27. Cam

Cam toys and twists with psychological-horror tropes while shrewdly messing with darker existential ideas in a wonderfully impressive debut from director Daniel Goldhaber and screenwriter Isa Mazzei. The often episodic story, drawn from Mazzei’s own past experiences as a camgirl (a video performer who uses a live webcam to stream often erotic and subversive content on the Internet), follows up-and-coming camgirl Alice Ackerman aka Lola (Madeline Brewer, fantastic). It’s not long before Alice discovers that her Lola persona has inexplicably and eerily been replaced on her site with a doppelgänger.

As Alice searches for whomever has hacked her and tries to figure out the nature of her dead ringer proceedings grow all the more frantic and fucked up. Goldhaber advances this tale cleverly, with developments both evocative and inventive, and all of it graced by Brewer’s herculean performance, essentially a dual one that can swing from seductively sexy to panicked and undone in the bat of a lash.

Whatever Goldhaber and Mazzei have in store for genre fans next will be enticing and exciting to see, let’s hope we won’t have to wait too long.

 

26. Damsel

The writer-director duo of David and Nathan Zellner follow up 2014’s impressive Kumiko, the Treasure Hunter with the often knee-slapping and consistently subversive revisionist Western, Damsel.

Samuel Alabaster (Robert Pattinson) appears, an articulate dandy of a fella, in unfamiliar territory he is accompanied by a miniature horse named Butterscotch, and shares his intent on rescuing his beloved Penelope (Mia Wasikowska) from the vile kidnappers who snatched her away. Or so Samuel frames it when talking to Parson Henry (David Zellner), a wayward man of the cloth hired on to officiate their wedding vows, if would-be gunslinger Samuel can indeed rescue his damsel, and if indeed Penelope is a prisoner at all.

The Zellner brothers brilliantly blur the fine lines between hero, villain, damsel and deerstalker in this odd odyssey that occasionally echoes both Mel Brooks’s Blazing Saddles (1974) and John Maclean’s Slow West (2015), with just a splash of Nicholas Ray’s Johnny Guitar(1954) for good measure, in a film that effortlessly trots between uproarious comedy and unsettling tragedy with a slick straphanger’s gait.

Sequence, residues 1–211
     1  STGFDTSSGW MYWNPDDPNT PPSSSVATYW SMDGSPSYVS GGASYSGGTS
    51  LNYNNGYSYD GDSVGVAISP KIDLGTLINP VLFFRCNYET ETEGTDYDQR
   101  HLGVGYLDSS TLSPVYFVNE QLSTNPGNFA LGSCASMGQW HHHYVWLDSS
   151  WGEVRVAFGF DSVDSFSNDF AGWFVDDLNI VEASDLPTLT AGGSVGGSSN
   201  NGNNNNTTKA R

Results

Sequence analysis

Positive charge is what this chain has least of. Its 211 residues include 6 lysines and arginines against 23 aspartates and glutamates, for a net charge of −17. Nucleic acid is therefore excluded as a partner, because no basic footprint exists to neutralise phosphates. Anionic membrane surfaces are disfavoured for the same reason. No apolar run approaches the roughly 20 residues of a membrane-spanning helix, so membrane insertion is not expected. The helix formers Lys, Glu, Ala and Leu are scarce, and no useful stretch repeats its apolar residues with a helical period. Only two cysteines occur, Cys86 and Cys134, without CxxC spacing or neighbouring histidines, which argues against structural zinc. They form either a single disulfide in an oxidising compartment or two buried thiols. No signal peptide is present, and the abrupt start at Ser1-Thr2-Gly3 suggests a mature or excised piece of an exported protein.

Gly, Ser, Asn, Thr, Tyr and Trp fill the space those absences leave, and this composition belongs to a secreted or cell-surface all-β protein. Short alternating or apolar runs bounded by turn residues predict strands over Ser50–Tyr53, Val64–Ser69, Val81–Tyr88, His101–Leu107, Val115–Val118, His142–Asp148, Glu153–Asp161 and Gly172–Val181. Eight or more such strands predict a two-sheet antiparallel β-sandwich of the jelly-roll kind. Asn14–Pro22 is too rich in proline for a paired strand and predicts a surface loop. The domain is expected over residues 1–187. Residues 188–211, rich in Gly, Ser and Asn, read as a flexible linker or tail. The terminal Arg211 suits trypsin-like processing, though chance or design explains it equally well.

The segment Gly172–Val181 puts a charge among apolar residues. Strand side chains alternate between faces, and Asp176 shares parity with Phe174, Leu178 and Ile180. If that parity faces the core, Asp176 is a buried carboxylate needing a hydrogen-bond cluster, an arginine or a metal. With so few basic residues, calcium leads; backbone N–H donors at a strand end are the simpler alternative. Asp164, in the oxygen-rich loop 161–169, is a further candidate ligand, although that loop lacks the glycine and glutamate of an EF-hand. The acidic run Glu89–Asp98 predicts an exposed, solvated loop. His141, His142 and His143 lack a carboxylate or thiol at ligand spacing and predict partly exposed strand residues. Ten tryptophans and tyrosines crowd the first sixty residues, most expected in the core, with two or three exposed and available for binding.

25. Virus Tropical

Recipient of South By Southwest’s prestigious Audience Award earlier this year, and adapting Powerpaola’s gripping 2011 memoir graphic novel of the same name, Santiago Caicedo’s black-and-white animated marvel Virus Tropical is warranting all sorts of buzz, and all of it is warranted.

Told in picaresque fashion as it recounts Paola’s formative years in a matriarchal home environment near Ecuador and Colombia, this wryly comic, keenly observational, and excitedly original animated tale is full to bursting with familial dysfunction, coming-of-age tenderness, bold intimations, and universal truths amidst the stirring and strife motherhood, artistic awakening, and so much more.

While comparisons to Vincent Paronnaud and Marjane Satrapi’s 2007 film Persepolis are not unwarranted (both are monochromatic adaptations of graphic novels with coming-of-age heroines at their center), Virus Tropical blazes its own brilliant trail.

This relatable tale is the sort you don’t want to end, and the 1980s nostalgia (including a singalong to Warrant’s crotch rock anthem “Cherry Pie”, Alf dolls, and Barbie doll makeout sessions being amongst the most memorable) adds extra appeal. Caicedo is definitely a detailed, gifted, and nuanced filmmaker to watch.

 

24. Thunder Road

Writer-director-actor Jim Cummings wonderful debut film Thunder Road (an expansion of his 2016 short film) was little seen outside the festival circuit, where it was winner of the Grand Jury Award for Best Feature at South By Southwest and the New American Cinema Award at the Seattle Film Festival, and it’s a shame. Marking the arrival of an exciting new talent, Thunder Road walks the fine line between uncomfortable comedy and heartfelt drama with gusto.

Officer Jim Arnaud (Cummings, excellent) is a small town Texas cop who is quickly losing his grip in the face of an impending divorce, losing the custody of his daughter, and his mother’s untimely passing.

We first meet Jim at his mom’s funeral where he delivers an excruciating eulogy, which also includes an oh-no-please-don’t interpretative dance inspired by Bruce Springsteen’s “Thunder Road” (hence the film’s title). The opening perfectly forecasts the funny/mortifying balance of the film, where one moment’s touching tenderness is the next moment’s ludicrous say wha—?